Wednesday, 13 June 2018

Ty Grosvenor: When is locked not secure?

The new mental health hospital called Ty Grosvenor on Grosvenor Road intends to open towards the end of this month.

The privately run unit will - according to a letter sent to the council - provide care for 34 men and women.

This is the letter sent by their architects to Wrexham Council's planning department to justify NOT applying for planning permission as a secure rehabilitation unit:

Q+A Planning Ltd act on behalf of Elysium Healthcare, the intended operator of the recently constructed development at 16-18 Grosvenor Road, Wrexham, LL11 1BU.
As you will be aware, planning application reference P/2015/0900 permitted the ‘erection of a 34-bed care home (Class C2) with provision of 14 car parking spaces’ on the 7th March 2016.
Elysium wish to respond to recent incorrect speculation that it is their intention to occupy and operate this site as a secure residential institution, for which the use would fall within Use Class C2a.
The facility will be known as Ty Grosvenor and has been designed specifically as a rehabilitation centre for both male and female adults who present with a range of complex conditions that require specialist recuperation and care prior to moving onto a more community integrated setting.
Elysium’s experienced multidisciplinary team will use a recovery-based approach which is designed to empower individuals by providing opportunity and hope through active rehabilitation programmes. Within the service that Ty Grosvenor is to provide, the overall aim will be for many of the individuals to return to their home area and family environment.
However, it is equally recognised that for some achieving greater independence within a care setting is a more realistic prospect. Care will be provided by a range of experienced healthcare professionals, whereby each individual’s needs are routinely assessed and adapted to suit.
Programmes of Care are to be individually devised with the individual’s input which focuses on their short and long-term goals whilst allowing them to build up interests such as exercise and community-based activities.
The care pathway will also allow individual’s time to participate in self-directed leisure and work experience within the community which will encourage greater independence and time for relaxation.
It is therefore clear that the Ty Grosvenor facility will continue to fall in line with its permitted residential institution C2 Use Class as defined by the Town and Country Planning (Wales) Planning (Use Classes) Order 1987.
Elysium wish to take this opportunity to categorically confirm that there have never been any intentions to operate this building as a secure hospital (Class C2a), for which it is acknowledged that a change of use planning application would be required. As a matter of relevant planning case law, I wish to draw your attention to the case of Tendring District Council, R (on the application of) v Secretary of State for Communicates and Local Government [2008] EWHC 2122 (Admin) whereby Mr Justice Sullivan adopted a broad approach to the classification of uses within the Use Classes Order 1987, expressing the view that there were no clear lines to be drawn between hospitals, nursing homes and residential care homes.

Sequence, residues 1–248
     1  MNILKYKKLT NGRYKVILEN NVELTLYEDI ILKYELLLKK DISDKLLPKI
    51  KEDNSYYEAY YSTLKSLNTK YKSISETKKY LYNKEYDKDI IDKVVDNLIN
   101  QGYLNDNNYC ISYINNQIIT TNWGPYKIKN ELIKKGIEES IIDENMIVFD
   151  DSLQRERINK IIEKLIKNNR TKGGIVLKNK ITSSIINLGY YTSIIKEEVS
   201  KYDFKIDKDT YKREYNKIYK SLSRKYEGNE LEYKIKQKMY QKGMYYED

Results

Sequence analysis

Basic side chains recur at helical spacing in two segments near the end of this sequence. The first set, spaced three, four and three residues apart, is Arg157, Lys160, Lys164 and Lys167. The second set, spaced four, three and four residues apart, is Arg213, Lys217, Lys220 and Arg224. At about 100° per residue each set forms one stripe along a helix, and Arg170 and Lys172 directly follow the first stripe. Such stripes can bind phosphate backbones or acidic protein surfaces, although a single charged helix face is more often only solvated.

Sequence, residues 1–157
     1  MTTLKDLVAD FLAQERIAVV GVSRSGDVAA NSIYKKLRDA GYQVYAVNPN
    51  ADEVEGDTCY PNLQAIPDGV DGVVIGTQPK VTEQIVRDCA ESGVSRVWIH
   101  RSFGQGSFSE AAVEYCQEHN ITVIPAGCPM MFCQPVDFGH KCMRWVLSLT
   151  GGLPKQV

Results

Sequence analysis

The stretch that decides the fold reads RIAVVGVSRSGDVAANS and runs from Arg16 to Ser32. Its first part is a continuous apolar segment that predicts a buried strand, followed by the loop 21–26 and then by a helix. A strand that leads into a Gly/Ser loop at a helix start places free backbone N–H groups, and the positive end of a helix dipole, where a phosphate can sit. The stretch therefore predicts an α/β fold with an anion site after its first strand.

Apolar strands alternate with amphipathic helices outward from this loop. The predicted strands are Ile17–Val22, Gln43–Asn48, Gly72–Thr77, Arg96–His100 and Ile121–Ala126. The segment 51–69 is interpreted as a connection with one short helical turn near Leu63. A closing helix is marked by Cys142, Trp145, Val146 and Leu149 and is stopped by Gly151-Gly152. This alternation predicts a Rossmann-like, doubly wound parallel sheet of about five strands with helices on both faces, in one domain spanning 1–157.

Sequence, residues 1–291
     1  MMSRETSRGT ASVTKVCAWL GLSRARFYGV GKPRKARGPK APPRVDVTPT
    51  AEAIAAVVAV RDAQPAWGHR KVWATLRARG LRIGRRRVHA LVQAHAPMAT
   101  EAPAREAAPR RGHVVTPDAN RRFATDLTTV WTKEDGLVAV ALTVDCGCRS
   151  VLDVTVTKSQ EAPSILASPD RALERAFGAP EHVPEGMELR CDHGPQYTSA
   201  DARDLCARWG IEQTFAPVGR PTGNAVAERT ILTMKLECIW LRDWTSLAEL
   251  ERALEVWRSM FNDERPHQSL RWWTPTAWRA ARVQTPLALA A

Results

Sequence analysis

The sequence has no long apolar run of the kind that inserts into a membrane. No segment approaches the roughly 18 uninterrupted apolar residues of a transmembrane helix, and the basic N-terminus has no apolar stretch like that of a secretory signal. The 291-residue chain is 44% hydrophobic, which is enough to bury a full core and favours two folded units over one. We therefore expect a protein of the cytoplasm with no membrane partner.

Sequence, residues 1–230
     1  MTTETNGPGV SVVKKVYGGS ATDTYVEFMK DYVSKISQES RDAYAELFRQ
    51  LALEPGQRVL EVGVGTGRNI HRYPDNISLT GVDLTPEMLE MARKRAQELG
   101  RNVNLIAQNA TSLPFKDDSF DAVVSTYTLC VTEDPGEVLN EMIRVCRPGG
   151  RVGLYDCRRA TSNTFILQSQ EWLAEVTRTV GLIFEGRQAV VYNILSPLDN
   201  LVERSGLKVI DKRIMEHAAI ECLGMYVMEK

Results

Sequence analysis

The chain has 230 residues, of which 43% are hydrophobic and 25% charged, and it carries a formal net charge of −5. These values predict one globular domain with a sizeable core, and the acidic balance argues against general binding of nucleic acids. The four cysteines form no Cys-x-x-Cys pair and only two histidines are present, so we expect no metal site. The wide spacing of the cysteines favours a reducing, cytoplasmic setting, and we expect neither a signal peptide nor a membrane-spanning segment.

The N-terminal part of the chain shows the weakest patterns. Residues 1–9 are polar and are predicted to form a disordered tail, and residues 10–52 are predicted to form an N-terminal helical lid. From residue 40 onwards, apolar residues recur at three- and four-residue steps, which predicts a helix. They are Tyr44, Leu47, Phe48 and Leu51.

I trust this provides useful background information of my client’s intentions regarding Ty Grosvenor, and the necessary assurance that the building will be operating within the scope defined under the operative planning consent. 
On its website, however, Elysium continues to advertise for nursing staff to operate in Ty Grosvenor, which is described as a "male locked rehabilitation service".

This description chimes with what I was verbally told by the site manager when I visited the unit in March 2018. He said the site will be for men aged 18-65 who are leaving secure units to begin their rehabilitation. These would be men with They will be kept in the unit until assessed to be able to leave the premises under supervision and, ultimately, with supervision.

It was emphasised during the visit that such an unit would enable people from north Wales to avoid having to go out of area for such a service.

However, Betsi Cadwaladr's June 7th health board meeting heard that no mental health patients from north Wales currently go out of area for their care:
"Since the peak in May 2017, the number of patients being treated out of area was 27, this has reduced to zero as of April 2018. This has been achieved through actions to improve the patient flow, including the introduction of daily Acute Care Meetings on each site involving all the multi-disciplinary team."
This begs the question - who will be commissioning the service from Elysium Healthcare if not Betsi Cadwaladr?

I remain concerned that the vulnerable men (and, it now appears, women) who will be placed in this new unit could fall prey to unscrupulous drug dealers in the immediate area. These are already active on Grosvenor Road and are quite happy to target people with mental health problems.

Local residents and local businesses as well as the local councillor have been kept out of the loop throughout the process. Some local businesses have been invited to a pre-launch curry night on June 28th.

There are many more questions to be answered about this unit and it doesn't bode well that the company running the unit is unwilling to be more open.

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